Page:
In Florida, property owners have a legal responsibility to keep their properties reasonably safe, and to warn visitors of any dangerous conditions. This duty, which falls under the umbrella of premises liability law, is applicable to hazards about which the owner knows (or reasonably should know), but which a visitor couldn’t have discovered using reasonable care.
Defendant property owners can sometimes win these types of cases by raising the “open and obvious” defense. This defense asserts that the danger was so open and obvious there was no need to warn guests of it.
As our Palm Beach injury lawyers can explain, though, this is not a complete defense. That is, a property owner isn’t going to win their case solely based on the fact that the danger was open and obvious. Rather, it’s considered a factor in deciding who is at fault. In Florida, plaintiffs may share a percentage of the fault (referred to as comparative fault) and still collect a percentage of the damages.
Recently in the case of Pratus v. Marzucco’s Construction & Coatings, Inc., an employee of an electrical subcontractor was hurt when stepping into an uncovered drain at a South Florida construction site. He conceded he’d seen the drain uncovered numerous times at work, but argued the general contractor was still liable for the dangerous condition on site. A trial court granted summary judgment to the defendant general contractor, on the grounds that the dangerous condition was open and obvious. But in its reversal, the Florida 2nd District Court of Appeal underscored two significant points:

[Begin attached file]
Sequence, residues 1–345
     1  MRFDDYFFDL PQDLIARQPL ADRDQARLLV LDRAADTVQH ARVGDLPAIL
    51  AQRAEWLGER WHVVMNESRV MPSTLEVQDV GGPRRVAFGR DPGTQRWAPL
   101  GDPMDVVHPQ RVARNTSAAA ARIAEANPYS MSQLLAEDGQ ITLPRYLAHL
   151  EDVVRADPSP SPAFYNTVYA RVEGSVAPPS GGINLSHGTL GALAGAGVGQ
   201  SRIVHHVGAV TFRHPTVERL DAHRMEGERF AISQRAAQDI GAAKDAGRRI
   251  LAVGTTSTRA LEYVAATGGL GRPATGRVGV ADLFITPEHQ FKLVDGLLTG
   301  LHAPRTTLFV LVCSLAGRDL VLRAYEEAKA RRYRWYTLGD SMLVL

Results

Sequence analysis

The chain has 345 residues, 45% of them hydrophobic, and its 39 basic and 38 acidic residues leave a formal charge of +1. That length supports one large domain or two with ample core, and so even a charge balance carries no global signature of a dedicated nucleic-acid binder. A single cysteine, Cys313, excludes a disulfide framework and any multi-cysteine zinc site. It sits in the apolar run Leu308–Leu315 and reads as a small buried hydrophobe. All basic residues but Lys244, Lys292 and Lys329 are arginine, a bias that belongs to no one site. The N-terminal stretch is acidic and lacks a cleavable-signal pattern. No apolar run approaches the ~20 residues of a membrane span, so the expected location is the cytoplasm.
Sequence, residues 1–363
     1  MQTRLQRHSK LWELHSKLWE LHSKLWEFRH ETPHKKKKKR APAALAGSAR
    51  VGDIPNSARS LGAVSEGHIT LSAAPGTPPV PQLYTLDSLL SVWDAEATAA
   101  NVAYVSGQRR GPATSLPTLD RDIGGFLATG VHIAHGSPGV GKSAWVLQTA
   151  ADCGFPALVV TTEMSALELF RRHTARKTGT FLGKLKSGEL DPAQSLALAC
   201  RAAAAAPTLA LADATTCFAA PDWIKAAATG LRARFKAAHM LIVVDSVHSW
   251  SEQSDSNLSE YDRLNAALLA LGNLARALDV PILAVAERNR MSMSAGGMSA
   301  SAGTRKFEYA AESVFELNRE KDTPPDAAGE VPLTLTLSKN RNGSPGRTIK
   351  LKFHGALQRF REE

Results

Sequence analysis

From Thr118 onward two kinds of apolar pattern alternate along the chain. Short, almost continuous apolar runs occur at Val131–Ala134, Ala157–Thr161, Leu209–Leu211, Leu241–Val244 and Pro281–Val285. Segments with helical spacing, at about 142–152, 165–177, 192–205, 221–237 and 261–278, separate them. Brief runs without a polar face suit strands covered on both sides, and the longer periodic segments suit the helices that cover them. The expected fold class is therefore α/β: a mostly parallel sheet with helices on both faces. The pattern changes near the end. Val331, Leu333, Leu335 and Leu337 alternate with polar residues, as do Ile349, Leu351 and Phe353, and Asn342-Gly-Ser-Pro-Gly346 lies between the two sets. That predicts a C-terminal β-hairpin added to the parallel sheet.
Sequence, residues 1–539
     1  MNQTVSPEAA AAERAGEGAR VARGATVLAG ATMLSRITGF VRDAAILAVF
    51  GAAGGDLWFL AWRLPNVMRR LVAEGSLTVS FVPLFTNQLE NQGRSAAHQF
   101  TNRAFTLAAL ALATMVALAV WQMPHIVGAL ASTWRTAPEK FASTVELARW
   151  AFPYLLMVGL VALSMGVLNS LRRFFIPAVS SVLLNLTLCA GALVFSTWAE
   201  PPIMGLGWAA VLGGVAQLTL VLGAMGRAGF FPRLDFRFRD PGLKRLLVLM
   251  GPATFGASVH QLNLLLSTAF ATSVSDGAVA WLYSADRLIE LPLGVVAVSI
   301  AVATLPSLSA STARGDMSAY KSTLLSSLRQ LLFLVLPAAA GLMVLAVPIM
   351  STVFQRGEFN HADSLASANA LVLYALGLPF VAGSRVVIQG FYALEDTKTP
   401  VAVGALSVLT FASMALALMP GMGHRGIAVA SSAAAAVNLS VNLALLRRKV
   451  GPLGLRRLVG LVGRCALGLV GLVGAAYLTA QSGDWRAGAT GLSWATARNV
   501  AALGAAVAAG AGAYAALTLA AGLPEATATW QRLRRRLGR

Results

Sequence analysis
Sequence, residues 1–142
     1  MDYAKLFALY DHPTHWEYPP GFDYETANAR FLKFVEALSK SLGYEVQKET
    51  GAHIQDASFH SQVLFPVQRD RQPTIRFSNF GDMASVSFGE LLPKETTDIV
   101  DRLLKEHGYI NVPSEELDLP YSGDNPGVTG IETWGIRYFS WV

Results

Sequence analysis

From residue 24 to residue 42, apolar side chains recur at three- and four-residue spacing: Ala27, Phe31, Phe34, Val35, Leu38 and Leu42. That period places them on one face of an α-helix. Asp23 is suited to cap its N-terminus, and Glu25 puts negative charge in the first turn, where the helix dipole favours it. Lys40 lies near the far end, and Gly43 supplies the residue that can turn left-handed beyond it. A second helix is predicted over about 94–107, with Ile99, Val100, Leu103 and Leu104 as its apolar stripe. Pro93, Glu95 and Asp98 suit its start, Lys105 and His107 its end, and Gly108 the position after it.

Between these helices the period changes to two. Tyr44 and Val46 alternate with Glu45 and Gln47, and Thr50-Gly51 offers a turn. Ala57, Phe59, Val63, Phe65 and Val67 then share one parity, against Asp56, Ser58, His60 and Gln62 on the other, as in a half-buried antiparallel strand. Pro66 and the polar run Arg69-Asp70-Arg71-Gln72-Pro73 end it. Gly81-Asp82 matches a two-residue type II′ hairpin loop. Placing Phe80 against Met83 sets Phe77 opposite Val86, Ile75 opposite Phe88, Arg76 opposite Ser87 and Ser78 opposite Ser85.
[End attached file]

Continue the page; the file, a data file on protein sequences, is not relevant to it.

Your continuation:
- It is the danger, not the condition, that is obvious to the visitor. You might be aware that a dangerous condition exists on site, but you might mistakenly (and reasonably) think the landowner put some safeguards in place to protect against the danger. In the case recently before the 2nd DCA, the drain in question was covered and uncovered at various times. Sometimes the door that led to it was marked with caution tape. On the day of the incident, there was no tape over the door, despite the fact that the drain was uncovered that day.
- Owners have a legal responsibility to anticipate the actions of those who enter the property. That’s not to say they need a crystal ball, but they need to consider the potential actions of reasonable and prudent persons on site. Construction sites can have SO many dangers. Those working at the site might need to get to a certain location, but the path they took, with its inherent dangers, may be the only option. In that case, even if they knew about the risk and it was open and obvious, they might be partially excused for failing to avoid it.
The bottom line is that where a property owner expects or should have known that a danger – however open or obvious – might pose a realistic threat to invitees, the jury can still hold the property owner responsible, even if the visitor/plaintiff shares some of the blame too. This is especially true if there is evidence of negligence per se, which would involve violation of a health or safety statute. Continue reading